By Jef With One F
By Rocks Off
By Chris Lane
By Angelica Leicht
By Corey Deiterman
By Angelica Leicht
By Corey Deiterman
Or, you know, just for yourself. Enjoy — we sure did.
A Dream Asleep, We Are the Juggernauts: Hardcore, metalcore — call it what you want, but this Houston five-piece's debut is loaded with throat-shredding vocals and guitars that, when they're not working you over like one of those fancy massage chairs turned up to 1,000, nod back to the herky-jerky days of Texas punk-funk immortals Bad Mutha Goose. Good luck making out what front man Mike Seals is "singing" about, but the titles at least ("March of the Bears," "Jesus Stole My Bathrobe") suggest A Dream Asleep doesn't take itself too seriously. The album's title comes from the song "Horus vs. the Juggernauts," which surveys the accidental demise of the band's beloved bong. To paraphrase Lesley Gore — most assuredly not an influence here — you would scream too, if that happened to you.
Crossing Togo, Of Love, Scorn & Insecurity: Critics generally take a dim view of bands that hire high-powered PR firms before releasing a note, which is what makes Houston guitar-voice duo Crossing Togo's debut LP such a pleasant surprise. Augmented by keyboards, strings and drums, vocalist Ko and songwriter/guitarist Scott Spencer echo — but never ape — Radiohead, Jeff Buckley and the Beatles' "Norwegian Wood" as they explore the three titular emotions.
The Factory Party, After Death There Is Nothing: With their yelpy Fall vocals and cylindrical whooshes of post-Joy Division guitar, Houston quartet The Factory Party has learned the lessons of the 1980s Manchester-based record label from which it takes its name well. More encouragingly, After Death There Is Nothing makes a better-than-adequate alternative to the all-too-infrequent visits of UK bands of a more recent vintage like Kings of Leon openers/ACL Fest stunners White Lies.
Football, etc., First Down: Remember before "emo" was the punchline to off-color jokes like "I wish my grass was emo so it would cut itself" — the days when nobody was quite sure what that word meant, except that it was some sort of shorthand for a strident but quirky brand of U.S. post-punk? Football, etc. sure does — their four-song First Down EP is loaded with the kind of springy bass lines, off-pitch vocals and gnarled guitar that prompted Collective Zine UK to liken the local trio to mid-'90s Wisconsin emo trailblazers Rainer Maria, and we see no reason to disagree. Jocks take heed: "Touchdown (Dance)," "Catch the Spirit" and the title track are not about football.
Robert Earl Keen, The Rose Hotel: Individually, he's written better songs on other albums, but taken as a whole, The Rose Hotel feels like Robert Earl Keen's most complete, satisfying set to date. Like his old A&M buddy Lyle Lovett — with whom he co-wrote "It's Rock and Roll" on Natural Forces (see below) — Keen is in his element on Rose Hotel, even also covering a Townes Van Zandt song (the haunting "Flyin' Shoes") to boot. Keen also cracks up with Billy Bob Thornton on "10,000 Chinese Walk Into a Bar," pays tribute to Band drummer Levon Helm on "The Man Behind the Drums," wonders where he can plug in after he checks out on "Wireless in Heaven" and paints a fine little Larry/James McMurtry word portrait on the title track. Hold the Aggie jokes, please.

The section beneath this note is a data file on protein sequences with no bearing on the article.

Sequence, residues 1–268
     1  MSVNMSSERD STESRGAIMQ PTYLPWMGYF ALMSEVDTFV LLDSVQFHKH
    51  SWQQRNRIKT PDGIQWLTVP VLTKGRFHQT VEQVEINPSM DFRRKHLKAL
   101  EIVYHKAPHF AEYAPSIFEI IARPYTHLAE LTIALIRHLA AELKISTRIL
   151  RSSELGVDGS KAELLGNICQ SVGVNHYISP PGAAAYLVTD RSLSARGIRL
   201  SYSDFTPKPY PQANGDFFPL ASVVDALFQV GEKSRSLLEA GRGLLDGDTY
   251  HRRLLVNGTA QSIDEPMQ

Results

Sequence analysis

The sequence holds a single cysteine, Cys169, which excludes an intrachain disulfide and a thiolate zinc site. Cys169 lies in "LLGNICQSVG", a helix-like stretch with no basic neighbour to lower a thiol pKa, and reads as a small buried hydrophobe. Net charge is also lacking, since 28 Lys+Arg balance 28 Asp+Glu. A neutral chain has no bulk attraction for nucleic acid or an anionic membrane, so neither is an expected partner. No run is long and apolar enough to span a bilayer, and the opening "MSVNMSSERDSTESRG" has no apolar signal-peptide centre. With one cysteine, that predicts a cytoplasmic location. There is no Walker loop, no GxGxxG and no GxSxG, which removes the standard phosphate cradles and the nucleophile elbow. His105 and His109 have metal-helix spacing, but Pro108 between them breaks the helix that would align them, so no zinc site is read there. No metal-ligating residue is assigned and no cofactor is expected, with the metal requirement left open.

The Live Lights, The Live Lights: This three-song preview (call it an EP if you must) of the Houston modern-rockers' forthcoming full-length is tantalizing, to say the least. Aggressive rocker "Lights Out" suggests a synthy Billy Corgan side project, "A Song for Strangers" some sprawling Killers-like dance-floorplay and "Sky Will Fall" a slowly ticking AFI-style ballad. In the proper hands, all three could log some serious airplay.
Lyle Lovett, Natural Forces: We knew Lyle Lovett had a sense of humor, but not once did we expect to cue up one of his CDs and hear these words: "Choke my chicken 'til the sun goes down." That's from "Farmer Brown/Chicken Reel"...something you'd like to tell us, Lyle? Whatever else Klein's favorite son is getting into, he hasn't lost his knack for interpreting Anderson Fair mentors such as Vince Bell ("Sun and Moon and Stars") and Townes Van Zandt ("Loretta"), and pens a couple of winners himself in the rollicking "Pantry Song" — co-written with his longtime girlfriend — and lovelorn "Empty Blue Shoes." A heartfelt album told with his trademark sly grin, Natural Forces is classic Lovett through and through.
The Rafters, Colourful Freedom: "Day to Day," a solid blues song on Houston six-piece the Rafters' new LP, reminds us of that old The Onion headline, "Day Job Becomes Job." Sounding like a mellower Allman Brothers — i.e., a loose-knit blend of country, rock, bluegrass and blues —the Rafters obviously make music because they enjoy it, not to "make it big," and Colourful Freedom exudes the warmth of their motives. The Rafters may lack the technical prowess of better-known bands in their genre, from Phish all the way to semi-Houstonians Moses Guest, but considering the major knock against "jam bands" is their tendency to overplay, that hardly counts as a fault.